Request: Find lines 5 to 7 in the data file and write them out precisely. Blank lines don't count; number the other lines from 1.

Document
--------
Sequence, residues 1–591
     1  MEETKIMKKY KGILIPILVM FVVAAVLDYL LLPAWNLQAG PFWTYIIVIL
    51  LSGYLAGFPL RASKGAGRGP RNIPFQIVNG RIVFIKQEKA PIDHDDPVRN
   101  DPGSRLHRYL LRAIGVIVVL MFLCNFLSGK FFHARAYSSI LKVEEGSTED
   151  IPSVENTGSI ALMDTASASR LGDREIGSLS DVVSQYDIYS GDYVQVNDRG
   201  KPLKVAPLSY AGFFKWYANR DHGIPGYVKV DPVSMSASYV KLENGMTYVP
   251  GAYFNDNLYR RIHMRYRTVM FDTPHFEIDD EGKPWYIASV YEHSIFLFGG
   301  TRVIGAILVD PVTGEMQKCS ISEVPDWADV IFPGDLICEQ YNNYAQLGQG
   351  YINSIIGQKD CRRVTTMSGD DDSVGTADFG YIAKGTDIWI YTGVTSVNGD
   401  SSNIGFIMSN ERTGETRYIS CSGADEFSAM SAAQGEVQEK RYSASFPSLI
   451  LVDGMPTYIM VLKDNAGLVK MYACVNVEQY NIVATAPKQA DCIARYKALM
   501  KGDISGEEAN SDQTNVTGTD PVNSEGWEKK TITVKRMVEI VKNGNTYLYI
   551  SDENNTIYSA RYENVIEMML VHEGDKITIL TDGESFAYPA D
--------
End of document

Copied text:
   151  IPSVENTGSI ALMDTASASR LGDREIGSLS DVVSQYDIYS GDYVQVNDRG
   201  KPLKVAPLSY AGFFKWYANR DHGIPGYVKV DPVSMSASYV KLENGMTYVP
   251  GAYFNDNLYR RIHMRYRTVM FDTPHFEIDD EGKPWYIASV YEHSIFLFGG